"The stream almost drowns me and the bike, reminding us how dangerous and surprising nature can be" Juan Carlos
We are interviewing Juan Carlos, one of our Adventurers, who took part in the campaign "Adventurers Wanted"
1.Before we begin, who is Juan Carlos?
My profession is Visual Artist; I graduated from The Autonomous University in Querétaro, specializing in Graphic Design. I come from Mexico City, and I have lived 16 years in the state of Querétaro.
Ever since I was a child, I have been passionate about drawing and graphic art. I did my first tattoo at the age of 12 with a pin and Indian ink. Years later, my father taught me the craft of carpentry (or at least he tried), and that is when I found my passion for tools and the bicycle since we went to work on bikes and also to school. Then I found analog photography, and in high school, I learned the basics of architecture and technical drawing. Motocross was one of my first big passions and I devoured anything related to it. I was still very young, and my parents wouldn't let me have one. But despite this, I got the money together and could buy my first Yamaha Yz 125 from 1980. This bike brought with it all the affection and nostalgia for old bike models, helmets, visors, and anything related to it. Sometime later, I got a three-engine Honda 250, and today I have a Yamaha XT-500 Enduro from 1978.
Now I am a graphic designer, photographer, and videographer. For several years I worked in Querétaro city with museum development, together with a person I admire a lot and who shares my passion for motorcycles. I left that job some time ago and decided to dedicate my life to my dream: Perdido Custom Life. In this job, it is easier to combine all of the knowledge I've acquired until now: mechanics, painting, drawing, design, design, and carpentry.
2. What is Perdido Custom Life? Who forms part of this group? How did you get to know each other?
Perdido Custom Life came out of the dream of creating a style of my own, both in what I wear and the vehicles I use on an everyday basis, and believing that things have to have a second chance and we shouldn't get rid of everything, although it is a part of a cycle.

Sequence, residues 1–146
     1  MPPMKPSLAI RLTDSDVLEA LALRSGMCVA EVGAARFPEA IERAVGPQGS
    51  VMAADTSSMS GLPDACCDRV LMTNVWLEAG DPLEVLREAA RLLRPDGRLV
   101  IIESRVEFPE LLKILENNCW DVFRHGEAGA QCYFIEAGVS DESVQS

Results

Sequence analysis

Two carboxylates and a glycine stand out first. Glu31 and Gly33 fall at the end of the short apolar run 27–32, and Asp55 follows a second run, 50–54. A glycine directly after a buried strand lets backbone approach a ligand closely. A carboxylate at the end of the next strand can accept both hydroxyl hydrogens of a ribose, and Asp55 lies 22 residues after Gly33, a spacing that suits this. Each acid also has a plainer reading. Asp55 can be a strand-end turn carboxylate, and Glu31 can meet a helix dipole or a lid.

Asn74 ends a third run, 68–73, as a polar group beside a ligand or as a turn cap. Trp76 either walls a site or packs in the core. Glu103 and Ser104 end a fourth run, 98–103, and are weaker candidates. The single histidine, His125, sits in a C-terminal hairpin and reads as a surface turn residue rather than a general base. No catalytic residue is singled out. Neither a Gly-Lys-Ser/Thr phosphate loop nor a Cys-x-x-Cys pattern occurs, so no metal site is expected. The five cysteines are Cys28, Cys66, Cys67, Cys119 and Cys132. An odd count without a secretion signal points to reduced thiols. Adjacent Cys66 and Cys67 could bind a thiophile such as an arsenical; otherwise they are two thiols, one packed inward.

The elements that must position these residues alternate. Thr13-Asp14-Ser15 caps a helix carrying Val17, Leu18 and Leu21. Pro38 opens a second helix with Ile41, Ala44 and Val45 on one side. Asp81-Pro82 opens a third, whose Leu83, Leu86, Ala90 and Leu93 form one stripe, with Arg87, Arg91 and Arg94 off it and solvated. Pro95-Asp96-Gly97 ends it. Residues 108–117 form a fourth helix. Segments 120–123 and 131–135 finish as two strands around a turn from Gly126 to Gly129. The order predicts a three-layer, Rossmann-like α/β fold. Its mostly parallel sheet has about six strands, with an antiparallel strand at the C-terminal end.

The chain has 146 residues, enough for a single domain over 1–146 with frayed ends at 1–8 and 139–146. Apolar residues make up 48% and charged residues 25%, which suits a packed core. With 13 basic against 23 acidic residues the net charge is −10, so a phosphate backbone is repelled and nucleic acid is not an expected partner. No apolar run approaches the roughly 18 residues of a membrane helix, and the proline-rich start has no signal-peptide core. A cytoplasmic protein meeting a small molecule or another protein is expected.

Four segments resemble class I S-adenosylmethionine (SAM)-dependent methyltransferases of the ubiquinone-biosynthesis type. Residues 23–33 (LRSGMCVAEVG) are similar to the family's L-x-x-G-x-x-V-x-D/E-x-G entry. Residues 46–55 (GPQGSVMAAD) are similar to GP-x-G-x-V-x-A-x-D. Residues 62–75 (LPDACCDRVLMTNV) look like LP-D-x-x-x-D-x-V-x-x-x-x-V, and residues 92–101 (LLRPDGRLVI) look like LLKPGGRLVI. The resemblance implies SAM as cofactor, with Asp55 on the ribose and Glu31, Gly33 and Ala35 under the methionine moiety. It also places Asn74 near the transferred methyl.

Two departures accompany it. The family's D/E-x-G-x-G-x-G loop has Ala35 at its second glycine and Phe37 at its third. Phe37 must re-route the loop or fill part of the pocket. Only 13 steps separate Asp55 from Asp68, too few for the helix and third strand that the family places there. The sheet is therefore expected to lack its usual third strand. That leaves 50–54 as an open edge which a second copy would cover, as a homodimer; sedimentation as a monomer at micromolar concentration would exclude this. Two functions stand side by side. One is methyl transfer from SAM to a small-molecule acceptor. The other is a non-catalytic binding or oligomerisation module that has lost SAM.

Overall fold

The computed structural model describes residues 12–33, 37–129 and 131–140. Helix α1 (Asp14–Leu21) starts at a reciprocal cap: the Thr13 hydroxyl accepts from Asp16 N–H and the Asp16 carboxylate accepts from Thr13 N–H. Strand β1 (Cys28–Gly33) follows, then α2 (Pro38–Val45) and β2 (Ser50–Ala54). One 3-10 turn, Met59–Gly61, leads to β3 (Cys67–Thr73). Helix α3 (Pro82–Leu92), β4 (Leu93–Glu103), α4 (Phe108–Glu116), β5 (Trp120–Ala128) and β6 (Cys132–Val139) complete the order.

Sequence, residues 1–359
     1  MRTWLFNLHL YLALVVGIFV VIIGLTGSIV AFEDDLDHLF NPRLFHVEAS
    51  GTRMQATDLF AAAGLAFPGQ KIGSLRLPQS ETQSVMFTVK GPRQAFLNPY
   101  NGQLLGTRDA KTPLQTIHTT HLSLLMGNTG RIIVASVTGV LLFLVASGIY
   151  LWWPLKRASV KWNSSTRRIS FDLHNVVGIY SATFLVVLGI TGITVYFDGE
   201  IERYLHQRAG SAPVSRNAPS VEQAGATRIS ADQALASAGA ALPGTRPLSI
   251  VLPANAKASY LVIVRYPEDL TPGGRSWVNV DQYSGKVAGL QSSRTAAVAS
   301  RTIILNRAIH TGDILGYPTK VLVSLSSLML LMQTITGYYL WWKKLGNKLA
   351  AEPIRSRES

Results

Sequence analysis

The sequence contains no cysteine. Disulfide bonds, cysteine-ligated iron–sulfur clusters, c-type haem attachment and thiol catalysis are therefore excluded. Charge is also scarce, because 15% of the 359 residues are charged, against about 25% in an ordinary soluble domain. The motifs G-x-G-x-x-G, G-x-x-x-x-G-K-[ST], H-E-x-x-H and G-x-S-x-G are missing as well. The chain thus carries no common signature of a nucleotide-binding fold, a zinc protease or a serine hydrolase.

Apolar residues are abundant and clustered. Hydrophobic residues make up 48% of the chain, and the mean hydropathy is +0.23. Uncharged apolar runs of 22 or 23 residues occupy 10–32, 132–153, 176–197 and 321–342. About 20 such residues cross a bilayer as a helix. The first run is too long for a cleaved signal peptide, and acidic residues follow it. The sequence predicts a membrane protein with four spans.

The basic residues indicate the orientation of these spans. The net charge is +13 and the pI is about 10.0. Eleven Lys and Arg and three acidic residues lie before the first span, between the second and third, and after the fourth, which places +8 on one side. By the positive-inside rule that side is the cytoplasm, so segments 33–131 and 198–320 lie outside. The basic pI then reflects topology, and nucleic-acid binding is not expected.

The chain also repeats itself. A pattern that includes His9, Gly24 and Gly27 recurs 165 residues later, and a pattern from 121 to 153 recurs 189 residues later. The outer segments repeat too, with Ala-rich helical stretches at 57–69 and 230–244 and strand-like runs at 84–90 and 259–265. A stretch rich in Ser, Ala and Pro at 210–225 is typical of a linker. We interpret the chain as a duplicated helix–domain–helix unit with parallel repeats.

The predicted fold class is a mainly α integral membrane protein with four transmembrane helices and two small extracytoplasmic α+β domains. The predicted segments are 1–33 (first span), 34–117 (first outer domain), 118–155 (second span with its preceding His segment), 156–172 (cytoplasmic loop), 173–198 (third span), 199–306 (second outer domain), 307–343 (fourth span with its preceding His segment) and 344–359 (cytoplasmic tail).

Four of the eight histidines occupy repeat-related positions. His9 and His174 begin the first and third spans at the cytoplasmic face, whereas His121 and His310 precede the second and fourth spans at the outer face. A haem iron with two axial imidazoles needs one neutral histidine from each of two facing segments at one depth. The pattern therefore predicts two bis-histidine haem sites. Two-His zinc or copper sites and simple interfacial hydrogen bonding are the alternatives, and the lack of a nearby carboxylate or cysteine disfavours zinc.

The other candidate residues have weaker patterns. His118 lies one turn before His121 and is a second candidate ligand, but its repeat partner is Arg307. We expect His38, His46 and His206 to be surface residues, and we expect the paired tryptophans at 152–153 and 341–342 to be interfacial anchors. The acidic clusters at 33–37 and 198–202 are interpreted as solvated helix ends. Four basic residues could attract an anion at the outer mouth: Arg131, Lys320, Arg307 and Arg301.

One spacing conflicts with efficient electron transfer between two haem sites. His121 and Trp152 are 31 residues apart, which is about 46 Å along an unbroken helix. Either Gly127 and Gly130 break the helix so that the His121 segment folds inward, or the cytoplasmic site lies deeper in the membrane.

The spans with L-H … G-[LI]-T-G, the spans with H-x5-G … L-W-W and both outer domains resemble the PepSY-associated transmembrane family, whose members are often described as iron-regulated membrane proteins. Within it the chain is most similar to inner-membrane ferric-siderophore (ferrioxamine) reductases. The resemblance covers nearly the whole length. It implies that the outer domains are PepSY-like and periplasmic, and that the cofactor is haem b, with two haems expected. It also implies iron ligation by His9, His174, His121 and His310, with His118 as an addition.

I was thinking of consolidating this into a good brand: clothes, vehicle personalization (bicycles, skateboards, motorbikes, trucks, speedboats, and so on) into a way of life, and being able to live off of it would be fantastic. Right now, I am in charge of everything, designing graphics, doing photography and video, mechanics, painting, and planning trips. On this occasion, Francisco (Coco) with his BMW/GS/650 and Ruben (El Pollo) joined us without hesitating for a second. I have known Foco for 15 years, we live in a village (San Juan del Río), and we went together to high school, where we became friends. El Pollo is my blood brother: before we moved to Querétaro, we lived in the east of Mexico City, in Iztapalapa (one of the most dangerous places currently, but also the richest in terms of culture) where I come from, and where our parents had a rotisserie in our house (a place where they sold roasted chicken). Our friends called us 4 brothers Los Pollos, and Ruben got the name El Pollo from then onwards. He drove the Ford Ranger 4x4 from 1986 that I rescued (it was my grandfather's car) before it would be demolished. I took it from his ranch in Michoacán and brought it with me. I repaired it until it became functional, but it lacks the aesthetics, so I took down the engine and restored it, together with the gearbox and a part of the car's suspension.
3. There are many types of riders; how would you define each one of you?
Foco is a rider that likes taking his bike to work, going for a Sunday ride with his wife, and enjoying a good barbecue, although he also likes adventure, getting covered with dust and sleeping under the stars in a deserted place.
Ruben prefers riding on highways, on a Chopper, with his boots, a vest, and dark glasses. Although I think he lacks long hair, his look matches well with his aggressive style of driving. On this occasion, he drove the Ford truck since he had experience driving large and 4x4 vehicles.
I, Chuck, like the off-road with no people around me. I enjoy being in the middle of a semi-desert, highway, or forest; I am passionate about old motorcycles, rallies, and having my teeth full of dust, mosquitoes, and everything else that speed leaves in your face. I have a Bell 500 helmet that makes you feel like it's going to pull your head off at high speeds. I wouldn't say I like to wash my clothes, but I'm obsessed with having everything clean and in order.
4. Your adventure takes place around Sierra Gorda in Querétano. Why did you choose this destination?
It is safe; you won't be thinking about getting attacked or having your bike stolen. I also know it well: for three years, I collaborated on a social development project in the area, and I fell in love with the landscape, nature, and how honest the people there are.
On the other hand, I enjoy the highways filled with curves and gorges, and I feel like a kid there, although I have plenty of respect for speed and how dangerous it can be if you're not careful. Together with the different ecosystems, trails, rivers, and waterfalls, all of this makes it a unique place.
5. A journey of five legs in such isolated surroundings welcomes many challenges; what was the most epic moment of your adventure?